Q. Am I eligible for Right To Buy (RTB)
A. You will probably have the Right to Buy if you’re a secure council tenant and have spent at least 3 years as a public sector tenant in England. The 3 years doesn’t have to be continuous and you can add together any time you have spent as a public sector tenant. A public sector tenant is someone whose landlord is a public body such as a council, housing association or government department.
Q. Is there a RTB scheme in Scotland, Wales and Northern Ireland?
A. Housing is a devolved policy, and it’s up to the governments in Scotland, Wales and Northern Ireland to decide whether to offer schemes such as Right to Buy.
Q. Can I make a joint application under RTB?
A. Yes, you can but only certain people are allowed to join an application. If you are eligible, you may be able to buy with:
– someone who is on the tenancy agreement with you;
– your spouse or civil partner;
– up to three family members, who have been living in your home for the 12 months immediately before you make the application. They don’t have to be on the tenancy agreement but it must be their main home.
Q. Will the mortgage lender take my discount as deposit?
A. Many lenders will take the discount as a deposit, although some will not. We can advise you accordingly.
Q. If I sell my RTB acquired property will I have to pay back the discount?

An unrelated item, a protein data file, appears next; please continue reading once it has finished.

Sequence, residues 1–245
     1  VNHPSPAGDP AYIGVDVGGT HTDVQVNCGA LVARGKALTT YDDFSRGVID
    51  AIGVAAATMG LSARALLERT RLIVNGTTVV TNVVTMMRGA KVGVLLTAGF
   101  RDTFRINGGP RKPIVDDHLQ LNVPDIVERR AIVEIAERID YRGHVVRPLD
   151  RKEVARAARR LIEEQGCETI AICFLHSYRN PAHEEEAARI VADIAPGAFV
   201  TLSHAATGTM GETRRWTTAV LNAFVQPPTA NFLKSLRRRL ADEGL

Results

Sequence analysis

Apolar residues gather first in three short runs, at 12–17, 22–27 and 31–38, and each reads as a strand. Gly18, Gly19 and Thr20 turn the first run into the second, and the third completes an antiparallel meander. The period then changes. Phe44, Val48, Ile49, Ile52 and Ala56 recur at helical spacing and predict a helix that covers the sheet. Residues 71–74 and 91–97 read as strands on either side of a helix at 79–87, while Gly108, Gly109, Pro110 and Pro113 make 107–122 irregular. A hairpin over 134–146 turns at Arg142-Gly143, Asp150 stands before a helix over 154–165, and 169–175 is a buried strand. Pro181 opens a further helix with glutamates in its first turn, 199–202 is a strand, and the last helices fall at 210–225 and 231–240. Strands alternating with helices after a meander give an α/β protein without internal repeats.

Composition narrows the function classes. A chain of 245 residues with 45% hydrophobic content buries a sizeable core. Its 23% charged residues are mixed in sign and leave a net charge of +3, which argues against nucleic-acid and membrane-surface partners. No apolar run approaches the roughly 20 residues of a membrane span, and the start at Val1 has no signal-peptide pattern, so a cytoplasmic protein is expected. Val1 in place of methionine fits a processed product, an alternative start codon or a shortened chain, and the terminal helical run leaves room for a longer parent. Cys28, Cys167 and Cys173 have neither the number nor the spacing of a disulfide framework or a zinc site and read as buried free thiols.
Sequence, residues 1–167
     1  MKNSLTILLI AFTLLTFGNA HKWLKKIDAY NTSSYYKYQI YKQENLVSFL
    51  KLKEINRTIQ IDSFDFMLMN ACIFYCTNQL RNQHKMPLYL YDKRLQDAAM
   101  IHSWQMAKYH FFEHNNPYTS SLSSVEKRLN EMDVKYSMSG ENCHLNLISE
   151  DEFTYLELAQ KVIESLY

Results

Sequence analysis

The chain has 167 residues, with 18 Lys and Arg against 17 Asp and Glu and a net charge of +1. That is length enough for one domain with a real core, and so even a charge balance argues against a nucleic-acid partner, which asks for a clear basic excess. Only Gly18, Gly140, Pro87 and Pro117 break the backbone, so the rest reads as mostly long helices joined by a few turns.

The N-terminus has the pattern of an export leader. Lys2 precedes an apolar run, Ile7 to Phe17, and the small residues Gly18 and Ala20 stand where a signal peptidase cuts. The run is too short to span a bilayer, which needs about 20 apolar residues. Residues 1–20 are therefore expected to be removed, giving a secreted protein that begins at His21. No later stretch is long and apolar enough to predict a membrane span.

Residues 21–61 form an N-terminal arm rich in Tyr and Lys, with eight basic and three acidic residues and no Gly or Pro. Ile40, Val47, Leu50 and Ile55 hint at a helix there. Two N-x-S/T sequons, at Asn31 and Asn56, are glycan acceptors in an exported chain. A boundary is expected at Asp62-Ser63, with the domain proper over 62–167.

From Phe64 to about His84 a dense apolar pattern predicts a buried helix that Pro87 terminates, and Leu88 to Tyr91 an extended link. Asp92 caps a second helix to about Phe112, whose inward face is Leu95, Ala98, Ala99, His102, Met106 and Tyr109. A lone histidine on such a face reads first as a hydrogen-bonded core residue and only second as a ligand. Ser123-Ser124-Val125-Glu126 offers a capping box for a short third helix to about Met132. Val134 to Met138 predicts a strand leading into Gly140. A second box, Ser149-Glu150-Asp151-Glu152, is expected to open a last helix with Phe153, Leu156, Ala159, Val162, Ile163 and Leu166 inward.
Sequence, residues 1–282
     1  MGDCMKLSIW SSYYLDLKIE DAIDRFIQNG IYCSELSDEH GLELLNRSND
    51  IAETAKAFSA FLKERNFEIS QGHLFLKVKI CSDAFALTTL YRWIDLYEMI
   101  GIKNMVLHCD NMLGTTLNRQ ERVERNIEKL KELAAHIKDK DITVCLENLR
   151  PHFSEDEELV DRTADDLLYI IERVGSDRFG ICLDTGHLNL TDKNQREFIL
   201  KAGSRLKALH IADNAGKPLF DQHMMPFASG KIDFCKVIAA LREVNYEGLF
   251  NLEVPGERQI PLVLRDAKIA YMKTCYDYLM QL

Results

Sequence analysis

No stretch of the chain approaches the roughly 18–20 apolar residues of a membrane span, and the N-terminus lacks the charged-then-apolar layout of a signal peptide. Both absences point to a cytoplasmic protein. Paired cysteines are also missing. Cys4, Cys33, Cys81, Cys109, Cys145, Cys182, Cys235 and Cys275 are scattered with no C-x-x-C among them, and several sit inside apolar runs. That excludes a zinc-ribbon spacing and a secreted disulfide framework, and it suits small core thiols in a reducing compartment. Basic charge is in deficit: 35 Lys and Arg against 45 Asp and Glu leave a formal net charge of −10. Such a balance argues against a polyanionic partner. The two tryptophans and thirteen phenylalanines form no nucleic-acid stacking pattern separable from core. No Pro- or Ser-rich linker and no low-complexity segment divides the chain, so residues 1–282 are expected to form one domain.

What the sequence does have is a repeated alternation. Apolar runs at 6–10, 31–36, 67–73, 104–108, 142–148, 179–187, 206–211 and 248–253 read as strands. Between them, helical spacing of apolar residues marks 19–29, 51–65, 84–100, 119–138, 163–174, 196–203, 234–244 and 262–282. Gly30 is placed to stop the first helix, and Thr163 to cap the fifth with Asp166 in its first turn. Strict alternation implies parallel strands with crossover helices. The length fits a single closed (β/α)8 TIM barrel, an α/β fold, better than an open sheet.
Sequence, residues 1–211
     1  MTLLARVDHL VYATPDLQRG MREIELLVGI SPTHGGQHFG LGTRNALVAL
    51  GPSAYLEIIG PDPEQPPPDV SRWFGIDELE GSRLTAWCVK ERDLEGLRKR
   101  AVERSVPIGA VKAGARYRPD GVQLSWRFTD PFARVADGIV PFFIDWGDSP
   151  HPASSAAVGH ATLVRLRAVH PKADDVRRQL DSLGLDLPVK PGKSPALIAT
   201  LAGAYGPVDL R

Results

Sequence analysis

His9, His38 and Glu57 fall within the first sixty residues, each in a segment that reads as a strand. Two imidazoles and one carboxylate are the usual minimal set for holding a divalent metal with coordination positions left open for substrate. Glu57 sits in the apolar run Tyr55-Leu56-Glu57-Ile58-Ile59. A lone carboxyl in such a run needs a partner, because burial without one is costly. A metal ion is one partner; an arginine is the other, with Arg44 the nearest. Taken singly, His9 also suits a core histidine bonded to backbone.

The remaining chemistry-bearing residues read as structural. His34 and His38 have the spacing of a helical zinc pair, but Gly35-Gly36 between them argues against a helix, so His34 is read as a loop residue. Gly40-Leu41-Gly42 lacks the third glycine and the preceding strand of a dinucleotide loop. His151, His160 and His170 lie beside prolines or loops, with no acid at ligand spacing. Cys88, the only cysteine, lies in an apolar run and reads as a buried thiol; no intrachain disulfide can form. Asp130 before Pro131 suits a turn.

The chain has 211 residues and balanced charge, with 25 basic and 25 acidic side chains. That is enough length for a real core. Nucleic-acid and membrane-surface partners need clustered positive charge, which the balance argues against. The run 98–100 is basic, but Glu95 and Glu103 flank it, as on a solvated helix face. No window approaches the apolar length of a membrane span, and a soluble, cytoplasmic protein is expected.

A. You are able to sell your home at any time, but if you sell your home within the first five years, the landlord has the right to ask for repayment of all or part of the discount. After five years, you can sell the property without repaying any of the discount you received. The amount you pay back depends on the value of your home when you sell it.
Q. How much discount am I entitled to?
A. The Right to Buy discount increases with the length of tenancy up to a maximum limit. If you are looking to purchase a house, after three years' tenancy, the discount is set at 35% of the property value plus 1% for each year beyond the qualifying period, up to a maximum of a 70% discount. If you are interested in a flat, the discount starts at 50% and rises by 2% each year up to a maximum of 70%.
You could now get a maximum discount of up to ￡77,900, or ￡103,900 if you live in London. Under plans announced by the government, this amount will now increase in line with inflation.
Your home may be repossessed if you do not keep up repayments on your mortgage.